Proper resampling doesn't care at all about whether you scale by exactly 0.5 or maybe 0.500001. No difference at all in terms of image quality, as long as we're talking about true video content and not about computer type test patterns. What makes a difference is whether you scale once or twice, which scaling algorithm you're using, and whether you're scaling in linear light or gamma corrected light.

Which means: 2k resized to 1920x1080 is bad because 2k was already resized from the 4k master. So it's bad because you have scaled twice. If you go directly from 4k to 1920x1080, image quality should be identical to scaling 4k to 2k and then using cropping.
post #154 of 212
Quote:
Originally Posted by madshi View Post

Proper resampling doesn't care at all about whether you scale by exactly 0.5 or maybe 0.500001..

In theory maybe, in practice it does mattter, for practical algorithms scaling down by 1/2^n is more likely to produce an artifact free image.
post #155 of 212
Quote:
Originally Posted by JohnAd View Post

In theory maybe, in practice it does mattter, for practical algorithms scaling down by 1/2^n is more likely to produce an artifact free image.

That does not match my experience. Not with video type images when using reasonably good resampling algorithms.
post #156 of 212
Quote:
Originally Posted by madshi View Post

That does not match my experience. Not with video type images when using reasonably good resampling algorithms.

Fair enough, which resampling methods are you thinking of? I usually notice a slight uptick in quality when going through powers of 2, say around branches, hair etc.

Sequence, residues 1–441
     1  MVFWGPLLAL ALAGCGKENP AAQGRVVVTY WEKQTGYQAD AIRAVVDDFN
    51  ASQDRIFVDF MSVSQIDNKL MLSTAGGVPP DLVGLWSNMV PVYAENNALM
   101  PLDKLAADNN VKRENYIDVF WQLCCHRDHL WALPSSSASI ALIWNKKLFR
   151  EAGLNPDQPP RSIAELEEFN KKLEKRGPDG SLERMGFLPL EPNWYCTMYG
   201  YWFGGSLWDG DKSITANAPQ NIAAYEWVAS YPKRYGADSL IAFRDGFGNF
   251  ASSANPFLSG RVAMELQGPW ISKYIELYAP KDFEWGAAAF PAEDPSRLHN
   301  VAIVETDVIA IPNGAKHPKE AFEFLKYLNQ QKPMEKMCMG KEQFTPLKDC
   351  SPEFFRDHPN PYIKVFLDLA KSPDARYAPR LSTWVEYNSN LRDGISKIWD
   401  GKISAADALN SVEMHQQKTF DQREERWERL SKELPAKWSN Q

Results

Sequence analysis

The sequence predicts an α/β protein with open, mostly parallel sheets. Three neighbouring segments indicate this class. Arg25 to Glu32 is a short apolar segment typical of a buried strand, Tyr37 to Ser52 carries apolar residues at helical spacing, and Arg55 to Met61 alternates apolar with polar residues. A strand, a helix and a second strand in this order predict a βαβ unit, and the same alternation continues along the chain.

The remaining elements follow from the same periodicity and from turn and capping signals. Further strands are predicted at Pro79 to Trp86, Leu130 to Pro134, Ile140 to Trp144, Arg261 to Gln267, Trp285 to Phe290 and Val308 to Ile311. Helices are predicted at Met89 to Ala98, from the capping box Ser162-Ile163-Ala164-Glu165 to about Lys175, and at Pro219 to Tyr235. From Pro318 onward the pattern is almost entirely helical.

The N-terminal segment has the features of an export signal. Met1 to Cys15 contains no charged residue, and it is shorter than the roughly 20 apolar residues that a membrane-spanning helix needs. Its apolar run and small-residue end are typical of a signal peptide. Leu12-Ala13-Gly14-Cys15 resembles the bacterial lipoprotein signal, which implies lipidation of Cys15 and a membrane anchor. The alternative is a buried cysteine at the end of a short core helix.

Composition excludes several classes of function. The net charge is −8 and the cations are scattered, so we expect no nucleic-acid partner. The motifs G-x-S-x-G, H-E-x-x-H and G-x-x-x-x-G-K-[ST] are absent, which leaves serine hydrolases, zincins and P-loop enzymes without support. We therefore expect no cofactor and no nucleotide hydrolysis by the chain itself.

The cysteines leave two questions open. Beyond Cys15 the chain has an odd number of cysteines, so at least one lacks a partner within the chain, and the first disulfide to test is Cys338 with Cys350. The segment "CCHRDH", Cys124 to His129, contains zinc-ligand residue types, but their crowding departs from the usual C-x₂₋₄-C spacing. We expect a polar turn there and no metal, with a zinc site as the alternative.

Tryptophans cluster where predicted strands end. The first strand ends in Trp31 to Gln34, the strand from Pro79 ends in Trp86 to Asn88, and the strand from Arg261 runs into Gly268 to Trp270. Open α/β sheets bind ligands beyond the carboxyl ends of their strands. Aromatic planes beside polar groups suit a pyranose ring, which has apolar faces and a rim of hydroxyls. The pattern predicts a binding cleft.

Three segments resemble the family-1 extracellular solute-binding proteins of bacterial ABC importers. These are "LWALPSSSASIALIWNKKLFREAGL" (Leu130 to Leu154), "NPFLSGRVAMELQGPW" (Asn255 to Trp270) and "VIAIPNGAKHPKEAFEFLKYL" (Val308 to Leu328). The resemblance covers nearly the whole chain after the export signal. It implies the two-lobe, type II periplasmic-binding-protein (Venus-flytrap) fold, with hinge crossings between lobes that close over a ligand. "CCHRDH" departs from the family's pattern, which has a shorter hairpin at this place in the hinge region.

post #157 of 212
Quote:
Originally Posted by JohnAd View Post

Fair enough, which resampling methods are you thinking of? I usually notice a slight uptick in quality when going through powers of 2, say around branches, hair etc.

I like Lanczos4 with some custom tweaks to avoid ringing. Do you happen to have a sample image flying around which shows this power of 2 effect clearly? I'd like to see if I can reproduce it. Thanks!
post #158 of 212
Quote:
Originally Posted by madshi View Post

I like Lanczos4 with some custom tweaks to avoid ringing. Do you happen to have a sample image flying around which shows this power of 2 effect clearly? I'd like to see if I can reproduce it. Thanks!

I'll have another play tomorrow and get an example together.

John
post #159 of 212
Great, maybe you're right and I just missed it until now...
post #160 of 212
Quote:
Originally Posted by Kram Sacul View Post

Why would downscaling 4k to 2k then cropping it be the best solution? What's wrong with just downscaling to HD res?

Downrezzing multiples prevents additional aliasing.

If you're working on an audio project with the intention of releasing a CD, it's the same theory. It's better to work at 44.1 kHz or 88.2 kHz rather than multiples of 48 kHz.
post #161 of 212
OK here is a quick test, this the original image, a crop from a Blu-ray



Here is same image resized by half using sinc3 in gimp not in linear light and then doubled with point scaling



now with slightly smaller than half



and a bit bigger than half